This is a bit of mixed bag.  The basic recording functions are pretty straightforward, especially if you’re just using the onboard mics.  It can take a minute for the unit to load up, especially if you have a larger SD card, but from there you can start recording with a single button press for quickly jotting down new ideas.  Of course, the H4n does a whole heck of a lot more than just basic sketch recording.  Some of the more advanced functionality can take a little bit of trawling and guess work to pin down.  However, once you familiarize yourself with the gestalt of the menus, switching modes, activating features, and even applying the DI models, limiters or compressors becomes pretty straightforward.  The one major exception is the multitrack mode.  To this day, for the life of me, I can’t figure out how to navigate it properly (although to be fair I haven’t really had much of a need for it as yet).


The H4n is definitely on the expensive side for its class, but I really can’t think of another handheld recorder that does even a fraction of what the H4n does.  Two phantom powered pres, DI functionality (for what it’s worth), better quality onboard mics than most with more positioning flexibility and 24/96 capable converters (which are probably overkill given the quality of the pres and conversion itself, but still nice to have), is a lot of bang for your buck.  The sheer amount of stuff you can do with a Zoom H4n can be overwhelming at times, and I mean that in the most complimentary sense possible.  The H4n and a pair of decent small condensors are pretty much all you need to record a high quality demo.  People to play help too.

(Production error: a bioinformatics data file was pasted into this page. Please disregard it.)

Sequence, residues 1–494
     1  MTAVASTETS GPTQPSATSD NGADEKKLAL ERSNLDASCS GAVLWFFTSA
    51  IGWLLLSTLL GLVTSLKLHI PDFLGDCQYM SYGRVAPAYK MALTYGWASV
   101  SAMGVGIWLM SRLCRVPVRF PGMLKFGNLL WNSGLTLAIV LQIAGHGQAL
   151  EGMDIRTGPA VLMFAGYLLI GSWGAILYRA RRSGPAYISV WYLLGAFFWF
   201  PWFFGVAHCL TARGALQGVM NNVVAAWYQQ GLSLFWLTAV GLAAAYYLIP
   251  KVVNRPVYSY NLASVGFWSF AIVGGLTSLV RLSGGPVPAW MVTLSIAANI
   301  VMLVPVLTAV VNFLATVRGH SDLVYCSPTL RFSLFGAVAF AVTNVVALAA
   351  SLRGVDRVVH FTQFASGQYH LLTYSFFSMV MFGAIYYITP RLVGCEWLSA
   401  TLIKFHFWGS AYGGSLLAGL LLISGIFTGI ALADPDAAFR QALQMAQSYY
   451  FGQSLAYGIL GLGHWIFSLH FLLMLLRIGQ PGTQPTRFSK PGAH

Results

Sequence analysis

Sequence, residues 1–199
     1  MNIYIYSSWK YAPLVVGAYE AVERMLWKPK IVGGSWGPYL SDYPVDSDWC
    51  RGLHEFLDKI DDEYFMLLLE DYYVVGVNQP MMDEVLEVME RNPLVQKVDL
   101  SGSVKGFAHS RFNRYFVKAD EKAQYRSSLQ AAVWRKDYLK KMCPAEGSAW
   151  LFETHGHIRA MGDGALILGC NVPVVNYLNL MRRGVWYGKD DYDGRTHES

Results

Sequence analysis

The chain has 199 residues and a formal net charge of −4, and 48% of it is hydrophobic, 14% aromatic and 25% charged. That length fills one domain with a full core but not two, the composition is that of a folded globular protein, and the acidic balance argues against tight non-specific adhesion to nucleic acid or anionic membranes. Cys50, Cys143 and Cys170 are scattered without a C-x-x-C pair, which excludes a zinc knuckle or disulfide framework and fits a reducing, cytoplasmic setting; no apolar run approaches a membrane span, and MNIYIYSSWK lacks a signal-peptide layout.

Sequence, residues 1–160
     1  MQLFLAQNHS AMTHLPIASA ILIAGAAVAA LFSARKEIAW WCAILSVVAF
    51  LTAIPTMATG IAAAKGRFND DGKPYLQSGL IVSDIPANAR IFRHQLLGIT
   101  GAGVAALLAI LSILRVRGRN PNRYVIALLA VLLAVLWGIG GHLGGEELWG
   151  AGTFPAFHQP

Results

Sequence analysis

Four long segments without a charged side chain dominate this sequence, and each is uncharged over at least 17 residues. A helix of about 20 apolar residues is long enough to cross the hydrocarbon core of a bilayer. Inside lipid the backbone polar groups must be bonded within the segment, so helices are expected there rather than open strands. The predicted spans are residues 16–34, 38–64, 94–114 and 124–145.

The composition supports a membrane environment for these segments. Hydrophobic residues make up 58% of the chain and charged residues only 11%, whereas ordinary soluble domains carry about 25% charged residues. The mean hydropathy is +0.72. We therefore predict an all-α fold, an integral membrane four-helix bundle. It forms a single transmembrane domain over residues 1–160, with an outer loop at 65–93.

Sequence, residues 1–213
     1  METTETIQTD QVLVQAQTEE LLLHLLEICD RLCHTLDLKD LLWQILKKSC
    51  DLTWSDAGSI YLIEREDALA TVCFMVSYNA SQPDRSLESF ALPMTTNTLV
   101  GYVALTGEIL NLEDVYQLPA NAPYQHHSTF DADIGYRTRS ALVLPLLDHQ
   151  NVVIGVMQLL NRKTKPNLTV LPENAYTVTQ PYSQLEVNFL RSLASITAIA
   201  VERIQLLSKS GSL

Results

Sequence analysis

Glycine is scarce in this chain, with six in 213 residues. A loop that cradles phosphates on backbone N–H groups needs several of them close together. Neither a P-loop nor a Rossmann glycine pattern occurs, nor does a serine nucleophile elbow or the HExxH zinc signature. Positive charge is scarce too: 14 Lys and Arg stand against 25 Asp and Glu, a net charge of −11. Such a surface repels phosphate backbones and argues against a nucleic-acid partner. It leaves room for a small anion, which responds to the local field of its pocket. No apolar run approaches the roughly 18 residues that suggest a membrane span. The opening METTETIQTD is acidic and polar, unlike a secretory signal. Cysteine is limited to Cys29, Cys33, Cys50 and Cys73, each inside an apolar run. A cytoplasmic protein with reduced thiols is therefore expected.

The Final Verdict

The H4n says in bold, italic script right on the front panel “handy recorder,” and I couldn’t agree more.  This is an incredibly valuable tool to have in a multitude of situations, and I make sure there’s one in my bag on pretty much every occasion.  You’d be amazed just how often you’ll find yourself with a need it can fill, and the sound quality is good enough to leave you with genuinely usable material for a wide range of purposes.  If you just want something slim and inconspicuous to throw in your bag as a sketching tool, this is probably not your best choice, but if you’ve been searching for the great pro-audio hobo-tool, you’ve found it.

In Dev Review: Zoom H4N Handy Recorder